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Foregrounding the Body: The Plays of the 1990s
  • Elmer Andrews

Abstract

Underlying Friel’s whole dramatic endeavour is a faith in the transcendental subject, a faith which links him with the great liberal humanist artists of the nineteenth century such as Chekhov and Turgenev whose artistic temperament is remarkably similar to his own and in whose artistic vision and technique he has shown a special interest. And it is this faith which distinguishes Friel from many modern theorists and philosophers of language and subjectivity. Catherine Belsey summarises the post-Saussurian view: ‘It is language which offers the possibility of constructing a world of individuals and things, and of differentiating between them’.1 Friel agrees that subjectivity is substantially constituted by language, but he refuses to accept that it is wholly a product of discourse. In Derrida’s view, the individual is inscribed in language and a function of it; in Althusser’s theory he or she is positioned and determined by illusory ideological processes; while according to Lacan, who adapts Freudian ideas, the individual is ‘taken over’ at the point of his or her insertion into language and society. For Friel, however, the individual is still essentially prior to his language, history and social conditions, informed by prevailing social and political values, but not simply a symptom of them. There is a ‘second order’ degree of responsibility for moral and political beliefs within the individual.

Keywords

Verbal Theatre Catholic Social Teaching Direct Address Faith Healer Holy Water 
These keywords were added by machine and not by the authors. This process is experimental and the keywords may be updated as the learning algorithm improves.

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Notes

  1. 2.
    Raymond Tallis, Not Saussure: A Critique of Post-Saussurean Literary Theory (London: Macmillan, 1988), p. 64.Google Scholar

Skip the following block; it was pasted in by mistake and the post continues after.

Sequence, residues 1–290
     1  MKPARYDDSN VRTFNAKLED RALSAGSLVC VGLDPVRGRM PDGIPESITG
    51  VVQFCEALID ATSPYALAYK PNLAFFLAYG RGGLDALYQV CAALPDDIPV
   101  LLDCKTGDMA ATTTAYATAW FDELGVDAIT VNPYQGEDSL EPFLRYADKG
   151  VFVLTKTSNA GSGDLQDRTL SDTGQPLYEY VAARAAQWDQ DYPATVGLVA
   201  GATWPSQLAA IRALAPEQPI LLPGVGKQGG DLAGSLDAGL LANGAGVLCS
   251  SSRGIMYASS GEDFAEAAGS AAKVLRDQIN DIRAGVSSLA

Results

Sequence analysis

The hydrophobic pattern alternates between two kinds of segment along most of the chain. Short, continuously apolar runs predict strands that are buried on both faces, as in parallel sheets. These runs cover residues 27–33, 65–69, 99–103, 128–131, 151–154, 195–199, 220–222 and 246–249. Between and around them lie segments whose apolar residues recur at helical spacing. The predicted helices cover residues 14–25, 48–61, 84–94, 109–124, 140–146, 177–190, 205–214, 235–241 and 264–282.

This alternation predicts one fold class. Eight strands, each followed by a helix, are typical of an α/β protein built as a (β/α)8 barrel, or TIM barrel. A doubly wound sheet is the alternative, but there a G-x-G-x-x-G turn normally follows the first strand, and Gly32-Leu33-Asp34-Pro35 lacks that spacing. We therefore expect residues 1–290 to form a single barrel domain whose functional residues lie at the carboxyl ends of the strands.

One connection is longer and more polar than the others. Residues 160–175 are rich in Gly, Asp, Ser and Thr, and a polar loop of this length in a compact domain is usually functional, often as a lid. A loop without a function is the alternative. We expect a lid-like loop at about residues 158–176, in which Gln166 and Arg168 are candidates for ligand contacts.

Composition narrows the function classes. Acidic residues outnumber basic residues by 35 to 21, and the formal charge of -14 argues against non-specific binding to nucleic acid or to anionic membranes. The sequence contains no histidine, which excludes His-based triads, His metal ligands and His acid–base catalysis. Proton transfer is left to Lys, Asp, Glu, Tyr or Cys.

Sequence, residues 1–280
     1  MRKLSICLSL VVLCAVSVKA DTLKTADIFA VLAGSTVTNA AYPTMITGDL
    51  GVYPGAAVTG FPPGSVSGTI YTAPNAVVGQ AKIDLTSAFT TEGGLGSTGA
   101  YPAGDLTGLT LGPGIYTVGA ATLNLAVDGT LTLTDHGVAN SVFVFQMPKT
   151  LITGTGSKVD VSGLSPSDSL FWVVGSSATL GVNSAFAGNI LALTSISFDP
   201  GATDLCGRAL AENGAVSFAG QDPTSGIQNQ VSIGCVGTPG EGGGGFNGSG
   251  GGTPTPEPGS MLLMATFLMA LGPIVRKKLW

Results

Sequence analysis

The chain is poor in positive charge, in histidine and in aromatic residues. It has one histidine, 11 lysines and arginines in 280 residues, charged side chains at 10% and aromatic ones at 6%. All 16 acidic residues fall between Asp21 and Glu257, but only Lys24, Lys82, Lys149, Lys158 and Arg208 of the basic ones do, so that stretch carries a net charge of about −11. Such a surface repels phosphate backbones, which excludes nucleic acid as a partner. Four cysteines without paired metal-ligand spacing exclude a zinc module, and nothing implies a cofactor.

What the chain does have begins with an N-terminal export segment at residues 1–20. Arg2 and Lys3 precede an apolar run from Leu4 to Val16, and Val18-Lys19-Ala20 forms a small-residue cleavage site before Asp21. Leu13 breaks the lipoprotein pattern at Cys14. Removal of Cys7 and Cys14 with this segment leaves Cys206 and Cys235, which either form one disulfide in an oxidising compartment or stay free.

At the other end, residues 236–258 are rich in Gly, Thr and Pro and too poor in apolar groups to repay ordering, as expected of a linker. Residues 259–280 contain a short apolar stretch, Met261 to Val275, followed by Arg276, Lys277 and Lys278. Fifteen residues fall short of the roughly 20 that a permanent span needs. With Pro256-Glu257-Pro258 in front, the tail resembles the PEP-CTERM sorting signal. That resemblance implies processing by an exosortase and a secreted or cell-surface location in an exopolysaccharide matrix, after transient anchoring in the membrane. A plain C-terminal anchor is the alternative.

2. 12.
    Antonin Artaud, The Theatre and its Double (London: Calder and Boyars, 1970), p. 60.Google Scholar
  3. 23.
    Jerzy Grotowski, Towards a Poor Theatre (London: Methuen, 1969), p. 35.Google Scholar
  4. 34.
    Peter Brook, The Empty Space (Harmondsworth: Pelican Books, 1973), pp. 47–72.Google Scholar
  5. 43.
    Artaud actually paid a visit to Ireland on 14 August 1937. He brought with him a magical stick which he believed had belonged to Christ, had been mentioned in the prophecies of St Patrick and he had owned himself in a previous incarnation. He visited the Aran Islands and on 8 September left Galway for Dublin, leaving behind him a drift of unpaid bills. He spoke very little English, which was probably just as well when he tried to wake the Irish up from their sleep of conformity by prophesying that Catholicism would be destroyed as idolatrous and the Pope would be condemned to death as a traitor. Proclaiming all law as criminal, he incited the Irish people to riot on the streets. After several brushes with the police, he was deported, arriving at Le Havre in a straight-jacket on 30 September 1937. See Ronald Hayman, Artaud and After (Oxford and New York: Oxford University Press, 1977), pp. 120–4.Google Scholar
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  11. 55.
    J. M. Synge, Preface to The Playboy of the Western World, in The Plays and Poems of J. M. Synge, ed. T. R. Henn (London: Methuen, 1963), p. 174.Google Scholar
  12. 59.
    Brian Friel, ‘MacLochlainn’s Vertigo’, introduction to The London Vertigo (Dublin: Gallery Press, 1990), p. 12.Google Scholar
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Copyright information

© Elmer Andrews 1995

Authors and Affiliations

  • Elmer Andrews
    • 1
  1. 1.University of UlsterUK

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